“Solving this problem requires a comprehensive public health solution, including determining how to reach populations, such as the homeless or immigrants, who may not make contact with the traditional healthcare system,” Klein told the panel. “If we could solve a difficult social and public health problem by simply getting rid of a piece of paper, we would be very lucky. But that is not the case.”

In a phone interview, Klein further contended the bills leave open the possibility some people will be tested without knowing it or without believing the test was voluntary and that they were in control of the situation.

“There are also larger repercussions in terms of the public response to the epidemic, such as creating a sound and trusting relationship between provider and patient, and patients being able to talk frankly about risk behaviors,” he explained. “This is particularly important in adherence to medication. If people are distrustful of the healthcare system, you are much less likely to ensure that there is a patient-provider relationship that can address those issues.”

The AAC told EDGE in a statement that while it welcomes efforts to eliminate barriers to HIV testing and supports the goals of the proposed legislation, it cannot endorse the bills as they currently are written.

The organization said it could support proposals that required documentation of verbal informed consent and imposed enforceable penalties for failure to document consent and for violations of patient confidentiality.

AIDS Action further called for a statute to require a funded study of the reasons people with HIV often enter treatment late and to propose solutions.

“Because written informed consent is perceived to be a barrier to testing in medical settings, moving to verbal consent with appropriate documentation and confidentiality protections can be an important first step toward increasing the number of HIV tests offered and ensuring routine HIV testing in medical settings,” the statement read.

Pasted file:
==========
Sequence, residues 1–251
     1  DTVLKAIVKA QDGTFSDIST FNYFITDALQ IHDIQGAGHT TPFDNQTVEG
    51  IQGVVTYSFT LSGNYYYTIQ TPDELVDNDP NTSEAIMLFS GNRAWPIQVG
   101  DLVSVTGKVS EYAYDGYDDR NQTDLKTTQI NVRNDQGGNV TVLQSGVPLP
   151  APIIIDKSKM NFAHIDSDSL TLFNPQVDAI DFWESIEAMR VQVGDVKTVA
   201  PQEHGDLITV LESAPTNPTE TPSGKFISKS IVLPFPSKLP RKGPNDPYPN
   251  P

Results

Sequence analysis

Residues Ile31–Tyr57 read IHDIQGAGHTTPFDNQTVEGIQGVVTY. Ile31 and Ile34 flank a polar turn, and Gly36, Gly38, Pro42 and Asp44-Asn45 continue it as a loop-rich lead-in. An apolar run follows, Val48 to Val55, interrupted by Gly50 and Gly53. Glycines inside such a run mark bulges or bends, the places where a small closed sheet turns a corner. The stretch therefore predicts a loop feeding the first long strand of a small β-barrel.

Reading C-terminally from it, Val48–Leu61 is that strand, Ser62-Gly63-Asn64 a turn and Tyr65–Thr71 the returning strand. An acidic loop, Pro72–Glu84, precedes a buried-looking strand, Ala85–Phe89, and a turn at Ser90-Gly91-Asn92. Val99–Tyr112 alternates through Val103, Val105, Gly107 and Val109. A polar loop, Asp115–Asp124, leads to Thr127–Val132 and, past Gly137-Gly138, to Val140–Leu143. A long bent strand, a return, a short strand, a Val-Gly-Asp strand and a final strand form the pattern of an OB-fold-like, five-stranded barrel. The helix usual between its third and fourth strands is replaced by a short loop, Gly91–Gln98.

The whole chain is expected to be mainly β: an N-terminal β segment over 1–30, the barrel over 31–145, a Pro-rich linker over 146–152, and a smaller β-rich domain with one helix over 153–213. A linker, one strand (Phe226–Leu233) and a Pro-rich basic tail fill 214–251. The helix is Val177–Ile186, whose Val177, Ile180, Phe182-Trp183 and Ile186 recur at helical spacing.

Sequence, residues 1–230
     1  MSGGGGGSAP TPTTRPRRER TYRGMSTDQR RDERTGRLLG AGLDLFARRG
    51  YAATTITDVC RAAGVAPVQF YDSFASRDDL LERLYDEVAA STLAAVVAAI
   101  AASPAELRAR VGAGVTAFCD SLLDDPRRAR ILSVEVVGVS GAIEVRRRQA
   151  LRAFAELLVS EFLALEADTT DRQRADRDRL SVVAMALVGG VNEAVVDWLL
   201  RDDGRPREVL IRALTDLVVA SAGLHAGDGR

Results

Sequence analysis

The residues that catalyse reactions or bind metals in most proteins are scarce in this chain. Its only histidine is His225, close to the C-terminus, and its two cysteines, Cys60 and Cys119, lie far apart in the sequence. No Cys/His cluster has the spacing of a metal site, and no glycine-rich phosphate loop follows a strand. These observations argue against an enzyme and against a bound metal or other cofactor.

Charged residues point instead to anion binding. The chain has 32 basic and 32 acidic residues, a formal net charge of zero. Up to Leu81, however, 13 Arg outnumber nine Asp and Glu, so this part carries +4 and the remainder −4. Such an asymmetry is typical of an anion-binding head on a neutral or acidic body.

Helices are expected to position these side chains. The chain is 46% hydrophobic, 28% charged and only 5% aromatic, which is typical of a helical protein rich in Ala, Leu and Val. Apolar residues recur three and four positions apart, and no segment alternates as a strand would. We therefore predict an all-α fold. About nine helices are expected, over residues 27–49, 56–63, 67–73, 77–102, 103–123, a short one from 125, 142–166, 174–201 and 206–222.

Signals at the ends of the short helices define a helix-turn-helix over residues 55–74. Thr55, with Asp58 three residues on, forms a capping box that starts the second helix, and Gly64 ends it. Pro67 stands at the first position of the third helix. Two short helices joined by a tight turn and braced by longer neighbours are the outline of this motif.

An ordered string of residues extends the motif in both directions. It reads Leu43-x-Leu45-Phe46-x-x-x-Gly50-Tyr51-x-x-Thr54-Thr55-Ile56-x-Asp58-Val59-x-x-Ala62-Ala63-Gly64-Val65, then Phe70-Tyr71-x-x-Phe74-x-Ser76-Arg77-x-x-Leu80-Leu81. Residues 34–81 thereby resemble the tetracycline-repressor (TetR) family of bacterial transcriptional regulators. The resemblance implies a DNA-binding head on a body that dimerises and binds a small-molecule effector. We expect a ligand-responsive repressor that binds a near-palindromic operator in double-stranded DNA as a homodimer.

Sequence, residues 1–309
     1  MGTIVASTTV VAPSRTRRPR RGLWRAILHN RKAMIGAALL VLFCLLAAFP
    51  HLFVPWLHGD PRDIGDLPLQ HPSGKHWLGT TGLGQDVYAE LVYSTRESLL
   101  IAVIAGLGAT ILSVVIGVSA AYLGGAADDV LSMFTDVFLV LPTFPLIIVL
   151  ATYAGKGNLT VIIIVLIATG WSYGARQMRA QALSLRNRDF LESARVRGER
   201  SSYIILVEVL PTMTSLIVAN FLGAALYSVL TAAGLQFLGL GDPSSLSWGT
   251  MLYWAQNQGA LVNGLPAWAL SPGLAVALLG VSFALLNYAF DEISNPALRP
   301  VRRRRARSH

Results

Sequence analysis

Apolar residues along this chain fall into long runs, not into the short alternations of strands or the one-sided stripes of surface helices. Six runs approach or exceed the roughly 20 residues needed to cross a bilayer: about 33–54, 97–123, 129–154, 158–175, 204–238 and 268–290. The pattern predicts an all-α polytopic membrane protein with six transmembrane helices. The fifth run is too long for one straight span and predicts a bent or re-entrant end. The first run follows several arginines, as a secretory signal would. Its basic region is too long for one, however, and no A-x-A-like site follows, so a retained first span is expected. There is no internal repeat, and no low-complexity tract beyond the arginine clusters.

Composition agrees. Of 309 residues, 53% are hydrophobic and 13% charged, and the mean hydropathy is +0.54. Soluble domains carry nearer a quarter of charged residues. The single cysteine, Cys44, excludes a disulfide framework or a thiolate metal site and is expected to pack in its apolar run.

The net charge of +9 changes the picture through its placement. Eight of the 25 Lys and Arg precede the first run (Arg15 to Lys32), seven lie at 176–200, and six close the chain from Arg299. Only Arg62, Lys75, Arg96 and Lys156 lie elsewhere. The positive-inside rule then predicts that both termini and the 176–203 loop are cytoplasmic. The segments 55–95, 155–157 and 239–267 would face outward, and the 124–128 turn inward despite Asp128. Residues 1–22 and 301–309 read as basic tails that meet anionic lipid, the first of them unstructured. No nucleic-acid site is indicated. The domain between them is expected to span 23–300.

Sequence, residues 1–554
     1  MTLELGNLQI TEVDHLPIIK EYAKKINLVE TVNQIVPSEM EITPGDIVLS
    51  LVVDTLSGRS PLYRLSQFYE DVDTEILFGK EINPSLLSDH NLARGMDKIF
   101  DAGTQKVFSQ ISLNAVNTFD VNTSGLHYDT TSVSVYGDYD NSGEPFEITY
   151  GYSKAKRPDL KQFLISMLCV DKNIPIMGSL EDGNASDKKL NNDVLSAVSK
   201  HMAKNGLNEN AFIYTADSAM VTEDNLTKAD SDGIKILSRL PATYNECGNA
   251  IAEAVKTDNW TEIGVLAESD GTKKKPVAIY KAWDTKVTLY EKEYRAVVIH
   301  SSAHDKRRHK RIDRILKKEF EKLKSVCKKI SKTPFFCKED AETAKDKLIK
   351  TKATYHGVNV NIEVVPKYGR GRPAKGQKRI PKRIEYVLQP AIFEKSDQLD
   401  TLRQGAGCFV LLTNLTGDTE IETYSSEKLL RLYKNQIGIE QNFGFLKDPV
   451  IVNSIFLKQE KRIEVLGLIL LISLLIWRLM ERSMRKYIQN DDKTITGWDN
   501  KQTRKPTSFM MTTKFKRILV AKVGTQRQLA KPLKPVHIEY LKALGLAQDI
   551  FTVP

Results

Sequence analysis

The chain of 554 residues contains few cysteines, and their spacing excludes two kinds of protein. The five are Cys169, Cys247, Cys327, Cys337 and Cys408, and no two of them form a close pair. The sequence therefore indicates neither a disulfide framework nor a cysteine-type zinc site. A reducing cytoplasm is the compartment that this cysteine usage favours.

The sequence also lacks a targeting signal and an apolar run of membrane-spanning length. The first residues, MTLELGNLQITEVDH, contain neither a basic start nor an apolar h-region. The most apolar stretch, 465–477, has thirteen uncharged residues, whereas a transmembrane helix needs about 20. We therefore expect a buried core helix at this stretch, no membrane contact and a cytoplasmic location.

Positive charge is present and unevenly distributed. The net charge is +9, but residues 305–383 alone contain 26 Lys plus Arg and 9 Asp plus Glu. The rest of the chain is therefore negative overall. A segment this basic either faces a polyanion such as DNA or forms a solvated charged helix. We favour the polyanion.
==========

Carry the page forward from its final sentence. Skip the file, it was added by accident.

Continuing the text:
The organization added it feels the full integration of routine HIV testing in medical practices will help reduce the stigma still associated with the virus because of its association with sex and drug habits.

“HIV/AIDS disproportionately impacts gay men and women of color,” AIDS Action said. “People at risk for HIV should not have to seek out extra services or special sources of care to be screened for a medical condition that disproportionately impacts them. HIV screening and testing should be available everywhere in the Commonwealth.”

The Massachusetts Department of Public Health has not taken a position on the legislation, but it noted in a statement it has long supported routine screening.

Among its initiatives are pilot routine screening projects in urban areas, a public information campaign promoting knowledge of HIV status and guidance to providers about how to reduce the administrative burden of obtaining consent under current law.

“We are invested in reducing barriers to HIV screening for both patients and providers while preserving the strict confidentiality of individual medical information,” Kevin Cranston, director of the agency’s Bureau of Infectious Disease, said.